The title of the thesis was “point discharge in atmospheric electricity” and most people would have heard of St. Elmo’s fire, which I believe can be seen in the high mountains of the Alps in a thunderstorm. And that occurs in thunderstorms because there are very intense electric fields between the ground and clouds, but even in fair-weather, there is an electric field throughout the atmosphere that the surface of the Earth is something like 100 volts per meter so that if you could pick up a voltage probe one metre above the surface of the Earth and another at the Earth, completely isolated, you could measure the voltage without draining it, you’d get 100 metres. So I built that machine to measure the electric field, then to get point discharge under those conditions, you have to raise your point to 50, 100 or 200 metres, which I did by means of a meteorological balloon filled with hydrogen, 365 cubic feet cylinders of hydrogen to fill the balloon. And then record the discharge current and the field and look for relationships between them.
“Wanted in the Anaesthetics Department in Cardiff, someone with a wide knowledge of physics, physiology or pharmacology…”
There were other PhD researchers; there was a chap, Wally Whitlock and I think the paper on the machine for measuring the electric field, I think that was a joint paper with him. There was another chap whose name I forget who was studying “Transition from laminar to turbulent flow in water” and he was injecting tiny drops of oil into the water and then using early electronic flash to take rapid sequence photographs so that he could say the path followed by each little drop of oil in the water, gradually increasing the flow to see how the transition occurred. At the time, I had no idea that it would be very relevant to anaesthesia.
I was getting towards the end of the PhD when my supervisor said:
‘Well what are you going to do when you’ve finished?’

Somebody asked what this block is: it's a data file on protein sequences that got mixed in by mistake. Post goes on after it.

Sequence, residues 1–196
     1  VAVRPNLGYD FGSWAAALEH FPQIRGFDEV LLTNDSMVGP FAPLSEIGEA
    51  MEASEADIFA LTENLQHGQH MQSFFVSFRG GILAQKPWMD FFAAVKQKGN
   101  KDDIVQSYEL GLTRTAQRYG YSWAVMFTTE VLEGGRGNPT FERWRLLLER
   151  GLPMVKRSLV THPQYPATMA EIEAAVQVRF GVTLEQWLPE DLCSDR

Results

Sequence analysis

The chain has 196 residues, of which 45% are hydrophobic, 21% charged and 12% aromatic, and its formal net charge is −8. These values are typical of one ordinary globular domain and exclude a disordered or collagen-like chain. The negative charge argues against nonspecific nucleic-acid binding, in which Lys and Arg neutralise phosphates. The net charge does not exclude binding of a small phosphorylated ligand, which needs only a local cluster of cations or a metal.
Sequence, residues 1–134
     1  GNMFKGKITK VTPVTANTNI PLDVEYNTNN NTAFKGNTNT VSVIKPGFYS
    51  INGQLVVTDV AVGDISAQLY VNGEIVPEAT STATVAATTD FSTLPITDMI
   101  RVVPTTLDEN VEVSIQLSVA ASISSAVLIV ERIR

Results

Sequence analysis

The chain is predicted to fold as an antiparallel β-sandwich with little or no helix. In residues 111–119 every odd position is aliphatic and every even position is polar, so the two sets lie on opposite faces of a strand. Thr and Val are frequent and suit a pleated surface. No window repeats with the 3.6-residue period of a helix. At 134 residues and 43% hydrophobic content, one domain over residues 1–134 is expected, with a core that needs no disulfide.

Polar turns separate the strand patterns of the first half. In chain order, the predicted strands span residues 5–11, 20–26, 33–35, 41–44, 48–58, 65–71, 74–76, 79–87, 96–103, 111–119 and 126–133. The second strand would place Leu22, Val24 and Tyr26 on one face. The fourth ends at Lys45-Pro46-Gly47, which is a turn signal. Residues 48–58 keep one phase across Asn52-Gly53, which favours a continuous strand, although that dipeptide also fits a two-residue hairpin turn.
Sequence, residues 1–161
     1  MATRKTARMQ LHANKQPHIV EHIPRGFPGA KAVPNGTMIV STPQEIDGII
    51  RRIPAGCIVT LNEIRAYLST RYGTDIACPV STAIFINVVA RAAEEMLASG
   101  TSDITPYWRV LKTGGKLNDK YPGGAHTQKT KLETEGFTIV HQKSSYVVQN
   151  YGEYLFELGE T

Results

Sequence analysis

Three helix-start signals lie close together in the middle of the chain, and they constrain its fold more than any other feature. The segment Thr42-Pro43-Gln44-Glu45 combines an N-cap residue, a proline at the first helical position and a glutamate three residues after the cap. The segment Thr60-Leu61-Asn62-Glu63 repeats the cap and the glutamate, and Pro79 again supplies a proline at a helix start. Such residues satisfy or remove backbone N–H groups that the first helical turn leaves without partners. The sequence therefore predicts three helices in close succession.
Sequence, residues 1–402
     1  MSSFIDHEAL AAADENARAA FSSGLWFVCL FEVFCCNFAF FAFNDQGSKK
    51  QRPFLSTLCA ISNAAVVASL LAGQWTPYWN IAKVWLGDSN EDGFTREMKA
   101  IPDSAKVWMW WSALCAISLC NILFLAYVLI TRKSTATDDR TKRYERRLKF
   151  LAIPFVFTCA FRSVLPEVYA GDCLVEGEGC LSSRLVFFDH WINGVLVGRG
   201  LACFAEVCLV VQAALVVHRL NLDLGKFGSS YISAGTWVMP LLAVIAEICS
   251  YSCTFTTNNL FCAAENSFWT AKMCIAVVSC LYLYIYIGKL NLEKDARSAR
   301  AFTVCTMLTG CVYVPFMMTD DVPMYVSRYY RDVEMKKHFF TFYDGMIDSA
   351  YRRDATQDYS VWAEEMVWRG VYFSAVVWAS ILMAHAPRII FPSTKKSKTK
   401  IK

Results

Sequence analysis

‘Oh, well I hadn’t really thought about it much, maybe some sort of medical application in physics will be interesting.’
‘There’s something on the notice board, something in Cardiff, go and have a look.’
So I went and had a look and it said:
“Wanted in the Anaesthetics Department in Cardiff, someone with a wide knowledge of physics, physiology or pharmacology”.
“I said ‘I think it would do for five years’… that was fifty-eight years ago. I still go in twice a week”
So I thought ‘Well that should do to get some interviewing experience.’ I went and they seemed to like me even though almost every question they should ask me about ‘Have you done something’ or ‘Do you know anything about something else?’ I said ‘No, no sorry’. But I think he was impressed by the fact that I was a pure researcher and I think my rivals were more applied physics and he fancied the fundamental, probably, in the mould of Epstein in Oxford. So I was offered the job but to my acute embarrassment I had to make the first real decision of my life. Prior to that, I’d done what I was told, so my supervisor advised me ‘Remember, you’re interviewing them just as much as they’re interviewing you.’ We had it very cushy in those days so I said ‘Well I’d like to think about it overnight’, so I talked to my supervisor the next day and decided that ‘Well yes’ and I wrote to them and said ‘I think it would do for five years’. I started in Wales in 1952, October, and that was now fifty-eight years ago. I officially retired nineteen years ago now but I still go in twice a week.
Breathing Circuits & Research
The first project was to measure the relaxant action of Gallamine triethiodide, which was the first synthetic muscle relaxant for curare, and at that time it was thought important to have a relaxant that we had control over and weren’t dependant on importation. The way Mushin wanted it done was to stimulate the ulna nerve at the wrist to produce contractions of the short muscles of the thumb. So we needed a stimulator and a means of recording the force of the contractions. And Ken Hillard built up a device in consultation with me for recording the contractions, and Mushin had had a grant from the Association to buy a stimulator. And I said ‘Well, £250… you could buy an awful lot of electronic equipment for that. I could make one for you’. So I used the £250 to equip an electronics lab and buy some components and we made our own stimulator which could do what in those days were much more fancy things than the commercial machines. But it did the job. And the results were published in Anaesthesia.